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DPN ended status quo for deaf people, former Board of Trustees chairs recall

Image: Dr. Philip Bravin ('66), Gallaudet's first deaf Board of Trustees chair, recalls his experiences during Deaf President Now in 1988. (Photo by Matthew Vita)

Dr. Philip Bravin ('66), Gallaudet's first deaf Board of Trustees chair, recalls his experiences during Deaf President Now in 1988. (Photo by Matthew Vita)

Image: Dr. Glenn Anderson ('68) said that before DPN, he would not have thought it possible to have served his alma mater as chair of the Board of Trustees. (Photo by Matthew Vita)

Dr. Glenn Anderson ('68) said that before DPN, he would not have thought it possible to have served his alma mater as chair of the Board of Trustees. (Photo by Matthew Vita)

Image: Pamela Young-Holmes ('74) said DPN "raised the bar" for deaf people. (Photo by Matthew Vita)

Pamela Young-Holmes ('74) said DPN "raised the bar" for deaf people. (Photo by Matthew Vita)

The Deaf President Now (DPN) movement of 1988 was fueled by such widespread passion and energy that in just seven days it totally transformed life for deaf people, creating opportunities that previously were almost unimaginable. Former Gallaudet University Board of Trustees chairs Philip Bravin ('66), Glenn Anderson ('68), and Pamela Young-Holmes ('74) shared their impressions on this historic event and its lasting impact at a February 13 panel discussion in the Kellogg Conference Center's Swindells Auditorium, the second in a series of events celebrating the 25th anniversary of DPN.

Dr. Bravin is vice president for business development and outreach for ZVRS. He was a member of the University's Board of Trustees from 1986 to 1994 and, following DPN, became its first deaf chair, serving in that capacity until he stepped down from the board.

Dr. Anderson, a long-time educator at the University of Arkansas and presently a faculty member in the Interpreter Education Program, is also regional advisor and board member for National Black Deaf Advocates. He joined the Board of Trustees in 1989 and became chair when Bravin resigned; he held the post until he stepped down from the board in 2005.

Young-Holmes is director of consumer and regulatory affairs and director of CapTel customer service for Ultratec, Inc., and was appointed by President Obama as a member of the National Council on Disability. She joined the Board of Trustees in 2002 and was a member until 2007, her final year as chair.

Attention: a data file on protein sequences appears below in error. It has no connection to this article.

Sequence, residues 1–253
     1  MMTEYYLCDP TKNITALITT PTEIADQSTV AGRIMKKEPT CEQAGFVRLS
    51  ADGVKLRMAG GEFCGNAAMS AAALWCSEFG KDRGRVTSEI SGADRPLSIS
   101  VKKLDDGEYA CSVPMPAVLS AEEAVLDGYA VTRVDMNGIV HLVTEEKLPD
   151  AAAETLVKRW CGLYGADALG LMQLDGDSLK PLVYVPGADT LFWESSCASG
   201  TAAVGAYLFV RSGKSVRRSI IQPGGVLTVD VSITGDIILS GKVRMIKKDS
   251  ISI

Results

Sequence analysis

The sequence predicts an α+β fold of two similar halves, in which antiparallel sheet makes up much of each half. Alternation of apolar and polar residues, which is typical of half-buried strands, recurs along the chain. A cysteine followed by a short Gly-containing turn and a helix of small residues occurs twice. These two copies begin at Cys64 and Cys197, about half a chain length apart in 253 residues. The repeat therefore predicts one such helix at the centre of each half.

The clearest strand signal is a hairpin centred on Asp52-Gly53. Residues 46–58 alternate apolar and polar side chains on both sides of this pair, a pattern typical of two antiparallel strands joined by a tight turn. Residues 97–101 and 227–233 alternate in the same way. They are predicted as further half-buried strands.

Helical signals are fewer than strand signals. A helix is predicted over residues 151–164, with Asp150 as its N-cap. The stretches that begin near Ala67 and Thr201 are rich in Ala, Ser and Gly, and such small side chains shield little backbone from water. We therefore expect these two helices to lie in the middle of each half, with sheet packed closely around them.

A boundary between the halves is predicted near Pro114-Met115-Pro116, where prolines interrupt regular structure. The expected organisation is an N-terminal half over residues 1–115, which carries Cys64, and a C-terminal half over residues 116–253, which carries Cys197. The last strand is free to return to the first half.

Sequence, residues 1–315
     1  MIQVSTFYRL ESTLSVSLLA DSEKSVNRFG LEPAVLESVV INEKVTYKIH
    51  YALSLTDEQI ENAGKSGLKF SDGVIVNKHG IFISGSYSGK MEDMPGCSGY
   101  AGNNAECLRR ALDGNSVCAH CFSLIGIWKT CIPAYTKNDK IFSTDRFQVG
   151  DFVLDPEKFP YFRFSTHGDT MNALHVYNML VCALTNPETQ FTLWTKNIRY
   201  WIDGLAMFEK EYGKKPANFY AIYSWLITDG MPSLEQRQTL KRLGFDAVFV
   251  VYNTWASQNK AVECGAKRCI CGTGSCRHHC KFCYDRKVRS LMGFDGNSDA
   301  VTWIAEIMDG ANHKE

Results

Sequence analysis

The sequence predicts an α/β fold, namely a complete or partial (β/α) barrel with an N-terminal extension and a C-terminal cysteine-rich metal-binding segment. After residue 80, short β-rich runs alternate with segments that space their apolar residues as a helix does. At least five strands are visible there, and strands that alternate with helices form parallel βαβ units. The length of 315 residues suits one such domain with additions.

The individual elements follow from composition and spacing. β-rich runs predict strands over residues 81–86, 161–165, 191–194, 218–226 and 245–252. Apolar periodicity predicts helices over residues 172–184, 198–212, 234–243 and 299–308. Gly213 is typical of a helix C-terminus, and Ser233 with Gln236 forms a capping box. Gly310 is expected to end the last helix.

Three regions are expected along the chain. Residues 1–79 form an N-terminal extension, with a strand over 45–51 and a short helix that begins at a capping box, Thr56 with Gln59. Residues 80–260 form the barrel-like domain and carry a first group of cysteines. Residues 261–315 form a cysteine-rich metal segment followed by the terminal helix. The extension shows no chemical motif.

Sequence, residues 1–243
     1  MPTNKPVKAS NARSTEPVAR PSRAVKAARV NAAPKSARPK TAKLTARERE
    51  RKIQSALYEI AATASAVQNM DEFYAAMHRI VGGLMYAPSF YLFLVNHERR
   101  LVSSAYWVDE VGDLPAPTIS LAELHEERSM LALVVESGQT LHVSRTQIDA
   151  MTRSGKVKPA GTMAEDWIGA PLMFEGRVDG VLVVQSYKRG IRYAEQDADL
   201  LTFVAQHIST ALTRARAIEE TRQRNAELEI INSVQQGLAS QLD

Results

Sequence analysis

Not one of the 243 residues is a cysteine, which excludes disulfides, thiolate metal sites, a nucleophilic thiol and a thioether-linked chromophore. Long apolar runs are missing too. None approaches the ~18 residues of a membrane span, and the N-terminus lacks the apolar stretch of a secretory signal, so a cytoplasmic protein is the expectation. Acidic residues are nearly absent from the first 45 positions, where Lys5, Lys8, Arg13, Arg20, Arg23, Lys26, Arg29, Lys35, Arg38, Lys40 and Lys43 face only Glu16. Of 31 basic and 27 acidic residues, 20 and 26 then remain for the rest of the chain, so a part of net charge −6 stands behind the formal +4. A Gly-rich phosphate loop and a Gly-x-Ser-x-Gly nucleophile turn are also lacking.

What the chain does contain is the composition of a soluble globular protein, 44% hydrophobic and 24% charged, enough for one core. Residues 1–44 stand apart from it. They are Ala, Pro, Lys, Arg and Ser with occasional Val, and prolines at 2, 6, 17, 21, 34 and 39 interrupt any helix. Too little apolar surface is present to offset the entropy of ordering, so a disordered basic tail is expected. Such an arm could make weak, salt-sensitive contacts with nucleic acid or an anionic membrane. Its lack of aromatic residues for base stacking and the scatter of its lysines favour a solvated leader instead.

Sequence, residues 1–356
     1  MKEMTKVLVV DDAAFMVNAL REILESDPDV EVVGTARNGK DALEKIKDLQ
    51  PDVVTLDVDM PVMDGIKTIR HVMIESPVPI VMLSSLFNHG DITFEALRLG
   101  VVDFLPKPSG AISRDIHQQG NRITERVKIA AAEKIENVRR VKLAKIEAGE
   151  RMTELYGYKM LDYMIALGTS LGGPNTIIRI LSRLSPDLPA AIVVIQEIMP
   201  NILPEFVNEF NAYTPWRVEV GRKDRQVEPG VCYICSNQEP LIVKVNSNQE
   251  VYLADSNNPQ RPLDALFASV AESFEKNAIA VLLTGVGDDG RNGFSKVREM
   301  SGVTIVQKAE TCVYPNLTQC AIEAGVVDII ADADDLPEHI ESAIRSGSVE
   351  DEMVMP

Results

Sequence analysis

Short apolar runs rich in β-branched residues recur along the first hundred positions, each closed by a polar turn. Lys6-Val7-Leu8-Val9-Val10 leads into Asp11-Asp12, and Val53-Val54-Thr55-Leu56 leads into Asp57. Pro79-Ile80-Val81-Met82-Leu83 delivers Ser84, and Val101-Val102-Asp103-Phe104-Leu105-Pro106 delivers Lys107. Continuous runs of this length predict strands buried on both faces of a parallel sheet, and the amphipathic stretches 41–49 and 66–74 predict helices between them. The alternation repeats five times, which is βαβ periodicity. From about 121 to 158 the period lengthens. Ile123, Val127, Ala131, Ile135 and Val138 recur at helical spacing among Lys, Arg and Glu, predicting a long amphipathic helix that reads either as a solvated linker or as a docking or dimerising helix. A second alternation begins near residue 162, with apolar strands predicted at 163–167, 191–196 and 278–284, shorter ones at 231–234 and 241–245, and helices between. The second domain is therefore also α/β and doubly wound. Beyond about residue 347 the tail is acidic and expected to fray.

President Hurwitz, panel moderator, kicked-off the discussion by asking the panelists the first thought that came to mind when DPN is mentioned. Bravin said for him it is the realization that DPN was nothing less than a civil rights movement for deaf people. For Holmes-Young, it is the fact that DPN "raised the bar" for deaf people, serving as a catalyst that changed the status quo, breaking down barriers that had prevented deaf people from reaching their full potential.

Asked how DPN affected their careers, Bravin replied that, like Dr. I King Jordan ('70) stated during a February 5 panel discussion with Gallaudet's first three deaf presidents, "I knew I could not fail." The eyes of the world were on deaf people, and the stakes were high-it was imperative that they succeed. Bravin added that becoming the first deaf chair of the board carried special challenges, particularly considering that he had been given no advance time to prepare for the role. "I was not expecting to be the board chair; there had been no discussion, but [Jane] Spilman resigned and it was offered to me." Moving the board forward past the turmoil created in its ranks by DPN, and achieving a 51 percent majority of deaf board members was a challenge, but Bravin said he had plenty of support. "I feel good about what we did," he said, adding that he is working on a book about his DPN experiences.

"Before DPN, thinking that I could serve my alma mater in this capacity was something that I would never have considered," Anderson said of being named Board of Trustees chair. "It's a 24/7 job, there were very high expectations, and enormous responsibility, but I thoroughly enjoyed it." Holmes, who was chair during the time of transition when Dr. Jordan stepped down as president and Dr. Robert Davila (G-'53) took the post, pointed to the many advances in communication access for deaf people that can be linked to the lasting impact of DPN.

Indeed, the passage of the Americans with Disabilities Act (ADA) can be directly attributed to DPN, the former board chairs agreed. Bravin recalled Senator Tom Harkin (D-Iowa), a co-sponsor of the ADA, saying that if it hadn't been for DPN, the ADA would never have become law.

The panelists lamented that many of today's deaf youth are not fully aware of DPN, and take for granted the technological advances that they enjoy today. Gallaudet students, however, will have an opportunity be enlightened of the movement and the struggles undertaken by previous generations. A General Studies course on DPN is currently being taught by Tyrone Giordano, and a course on the subject is being developed for the undergraduate curriculum by Dr. Brian Greenwald, a Gallaudet history professor and co-chair of the DPN 25 celebration. These courses will not only help them understand the relevancy of history, but see the importance of doing their part to ensure continued change for their descendants.

"DPN changed Gallaudet forever. Gallaudet will never be the same, that's for sure," said Anderson. He recalled the words of DPN student leader Tim Rarus ('89), who said that DPN was a revolution that transformed the lives of deaf people, "But really, it's just the beginning, said Anderson. "There is still much to be done."

More about the DPN Board of Trustees panel

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